Still, it raises the question: whose translation is the book cover? Of course, it is the artist who creates a picture (or several), designs the cover, but it must conform to how the publisher envisages the book, or the genre, or the author’s potential saleability on the market, and it must be approved by the client (see Alton 37-40). Also, for commercial reasons, editions, sometimes of very different formats, are supposed to be distinguishable, therefore cover designs may vary the verbal elements (e.g., the quotations and advertisements) and the pictorial information (the font size, style, background, and/or images). If we consider the original book covers as intersemiotic translations, should these further variations be regarded as another level of translation or even as “re-translations”?6

These are the questions I will now bring to bear on a discussion of the Discworld book covers. Since Pratchett enjoyed painting and drawing and was capable of illustrating his own books (Smythe; Cabell 17), it is no wonder that he was keen on engaging artists who could capture the essence of his imagination in their diverse ways: Josh Kirby, Stephen Briggs, Paul Kidby, Stephen Player, and others gave life to the Discworld and all the characters with their pictures during these thirty years. Acknowledging the importance of iconology, he claimed that Kirby made real his ideas: “I only invented the Discworld. Josh created it” (qtd. in Alton 36).

For this case study, I have selected a few samples of the covers of three novels, the first two, The Colour of Magic (1983) and The Light Fantastic (1986), and the fortieth, the last Discworld novel for adults, Raising Steam (2013). The Colour of Magic and The Light Fantastic have a television and film adaptation (entitled The Colour of Magic), which certainly influenced their reception and how their cover art was made. In other cases, the changes in book-cover design can be harder to explain because the reasons are more arbitrary. Colin Smythe, Pratchett’s first publisher, later his literary agent and friend, told me that they only started to pay thorough attention to the front covers after the “Heyne Horrors” when the German publisher repeatedly issued Pratchett’s novels with the front covers of other books (Smythe; see also “Heyne Horrors”). As I will discuss later, something similar happened with the first Hebrew and Hungarian editions.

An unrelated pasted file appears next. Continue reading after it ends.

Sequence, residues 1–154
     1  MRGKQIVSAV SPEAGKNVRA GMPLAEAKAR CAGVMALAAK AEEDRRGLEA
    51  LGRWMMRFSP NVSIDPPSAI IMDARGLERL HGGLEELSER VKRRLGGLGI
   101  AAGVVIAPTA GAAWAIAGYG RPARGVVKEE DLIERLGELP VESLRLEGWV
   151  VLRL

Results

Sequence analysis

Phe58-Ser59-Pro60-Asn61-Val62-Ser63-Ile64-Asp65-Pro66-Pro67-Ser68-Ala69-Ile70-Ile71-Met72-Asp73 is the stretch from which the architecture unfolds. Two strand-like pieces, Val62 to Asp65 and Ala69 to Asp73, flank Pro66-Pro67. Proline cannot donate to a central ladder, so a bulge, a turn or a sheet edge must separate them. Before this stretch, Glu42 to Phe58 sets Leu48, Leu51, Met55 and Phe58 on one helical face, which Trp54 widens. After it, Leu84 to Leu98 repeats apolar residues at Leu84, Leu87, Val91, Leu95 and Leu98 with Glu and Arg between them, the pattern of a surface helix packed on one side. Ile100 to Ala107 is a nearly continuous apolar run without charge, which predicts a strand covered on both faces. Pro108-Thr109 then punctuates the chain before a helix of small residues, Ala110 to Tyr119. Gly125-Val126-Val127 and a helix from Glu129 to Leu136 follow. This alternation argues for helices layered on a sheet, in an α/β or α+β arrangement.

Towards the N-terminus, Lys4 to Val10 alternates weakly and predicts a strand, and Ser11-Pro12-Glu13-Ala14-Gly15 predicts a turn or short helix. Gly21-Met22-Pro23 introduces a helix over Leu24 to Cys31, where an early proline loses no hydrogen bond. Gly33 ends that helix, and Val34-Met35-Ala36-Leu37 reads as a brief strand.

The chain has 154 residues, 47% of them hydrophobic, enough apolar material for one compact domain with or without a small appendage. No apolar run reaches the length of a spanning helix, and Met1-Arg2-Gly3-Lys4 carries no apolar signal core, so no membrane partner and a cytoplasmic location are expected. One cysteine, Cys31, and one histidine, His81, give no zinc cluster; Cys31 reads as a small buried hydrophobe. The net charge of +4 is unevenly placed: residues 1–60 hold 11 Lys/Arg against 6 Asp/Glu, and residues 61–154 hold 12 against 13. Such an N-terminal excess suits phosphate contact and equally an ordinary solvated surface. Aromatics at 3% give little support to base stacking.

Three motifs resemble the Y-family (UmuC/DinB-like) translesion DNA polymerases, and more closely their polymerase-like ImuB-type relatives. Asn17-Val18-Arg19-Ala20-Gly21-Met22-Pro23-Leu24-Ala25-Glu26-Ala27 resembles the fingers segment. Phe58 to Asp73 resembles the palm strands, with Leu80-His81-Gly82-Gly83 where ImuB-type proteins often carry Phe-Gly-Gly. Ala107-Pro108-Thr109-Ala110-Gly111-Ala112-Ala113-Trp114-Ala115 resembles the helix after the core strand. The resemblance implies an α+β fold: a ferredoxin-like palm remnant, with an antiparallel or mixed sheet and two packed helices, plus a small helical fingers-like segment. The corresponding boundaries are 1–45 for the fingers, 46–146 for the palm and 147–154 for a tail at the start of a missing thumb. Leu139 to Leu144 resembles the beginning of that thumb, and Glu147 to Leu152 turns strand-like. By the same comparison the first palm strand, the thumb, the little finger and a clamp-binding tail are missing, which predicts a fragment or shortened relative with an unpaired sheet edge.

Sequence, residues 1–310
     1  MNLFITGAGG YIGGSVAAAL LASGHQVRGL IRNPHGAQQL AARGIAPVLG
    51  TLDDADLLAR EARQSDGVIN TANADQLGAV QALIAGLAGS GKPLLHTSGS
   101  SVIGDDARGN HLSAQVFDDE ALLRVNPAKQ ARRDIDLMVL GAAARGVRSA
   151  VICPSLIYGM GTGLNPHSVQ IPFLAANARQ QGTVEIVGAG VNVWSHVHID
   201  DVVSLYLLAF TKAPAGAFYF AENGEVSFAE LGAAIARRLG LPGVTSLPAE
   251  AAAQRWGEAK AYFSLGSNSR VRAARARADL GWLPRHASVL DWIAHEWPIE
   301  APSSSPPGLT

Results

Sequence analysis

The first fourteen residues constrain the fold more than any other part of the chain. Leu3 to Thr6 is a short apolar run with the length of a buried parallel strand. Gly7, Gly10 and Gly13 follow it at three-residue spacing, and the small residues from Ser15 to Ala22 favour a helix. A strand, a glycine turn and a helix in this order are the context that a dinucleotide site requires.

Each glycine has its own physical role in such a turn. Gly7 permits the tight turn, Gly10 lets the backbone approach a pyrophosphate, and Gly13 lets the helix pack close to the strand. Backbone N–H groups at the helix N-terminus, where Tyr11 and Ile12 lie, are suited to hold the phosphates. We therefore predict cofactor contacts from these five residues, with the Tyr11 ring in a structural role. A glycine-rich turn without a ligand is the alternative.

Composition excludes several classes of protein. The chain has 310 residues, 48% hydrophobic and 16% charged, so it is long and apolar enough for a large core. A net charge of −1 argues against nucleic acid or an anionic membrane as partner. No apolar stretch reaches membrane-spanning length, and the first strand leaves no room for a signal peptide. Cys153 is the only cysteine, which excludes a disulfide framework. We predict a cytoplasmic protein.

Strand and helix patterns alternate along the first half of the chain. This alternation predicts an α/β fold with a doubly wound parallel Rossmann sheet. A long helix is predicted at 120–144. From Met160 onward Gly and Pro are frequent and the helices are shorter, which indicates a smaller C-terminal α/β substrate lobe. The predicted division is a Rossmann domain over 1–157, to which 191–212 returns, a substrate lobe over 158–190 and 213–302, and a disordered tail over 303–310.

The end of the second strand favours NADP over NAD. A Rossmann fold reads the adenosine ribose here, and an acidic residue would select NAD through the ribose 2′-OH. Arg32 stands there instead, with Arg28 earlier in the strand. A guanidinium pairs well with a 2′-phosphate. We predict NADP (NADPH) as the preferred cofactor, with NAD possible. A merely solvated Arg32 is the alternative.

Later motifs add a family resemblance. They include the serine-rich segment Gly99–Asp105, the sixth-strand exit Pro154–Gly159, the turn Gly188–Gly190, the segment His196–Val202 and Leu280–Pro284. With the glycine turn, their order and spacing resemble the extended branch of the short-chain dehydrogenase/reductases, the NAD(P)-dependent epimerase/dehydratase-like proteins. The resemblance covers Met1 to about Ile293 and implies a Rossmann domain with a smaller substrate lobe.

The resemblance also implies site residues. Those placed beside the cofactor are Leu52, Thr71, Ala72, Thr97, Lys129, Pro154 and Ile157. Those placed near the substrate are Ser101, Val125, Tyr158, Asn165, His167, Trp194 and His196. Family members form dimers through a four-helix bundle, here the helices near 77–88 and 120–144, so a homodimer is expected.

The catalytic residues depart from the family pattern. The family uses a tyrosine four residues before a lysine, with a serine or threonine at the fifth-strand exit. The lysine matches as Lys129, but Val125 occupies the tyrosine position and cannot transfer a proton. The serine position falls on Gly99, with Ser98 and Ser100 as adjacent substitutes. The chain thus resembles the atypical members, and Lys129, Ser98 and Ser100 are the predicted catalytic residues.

In what follows I will use Michael O’Toole’s tripartite model to examine the representational, modal, and compositional functions of a picture. As O’Toole observes, an artist has at his or her disposal various devices for engaging our attention, drawing us into the world of the painting, and colouring our view of that world. And he or she does it for all viewers. In the grammar of painting—that is, all those aspects of structure that we all share—these devices fulfil a modal function—and however much our ultimate interpretations may differ, I want to claim that the responses evoked in us by the systems of this function are virtually universal (O’Toole 5-7). The representational function, for O’Toole, “conveys to the viewer basic information about the character, social status, actions and position of each individual. It would also include details of species, size, and material qualities of inanimate objects” (15). In contrast, the compositional function pertains to “certain decisions about the arrangement of forms within the pictorial space, about line and rhythm and colour relationships, have been made by the artist to convey more effectively and more memorable the represented subject and to make for a more dynamic modal relation with the viewer.” (22). In addition to these functions, I shall also be looking at three factors: accuracy, significance, and contextualisation, that is, I shall try to establish: (1) whether whatever the book cover displays coincides with the content, transferring (some of) the meaning; (2) whether it represents an important, or emblematic element in the storyline, and (3) whether it makes sense before—and after—reading the novel, i.e., how much prior knowledge is required to fully appreciate it. Any reference to fantasy or Pratchett’s characteristic humour will be duly noted. Aesthetic or marketing aspects may be referred to in passing.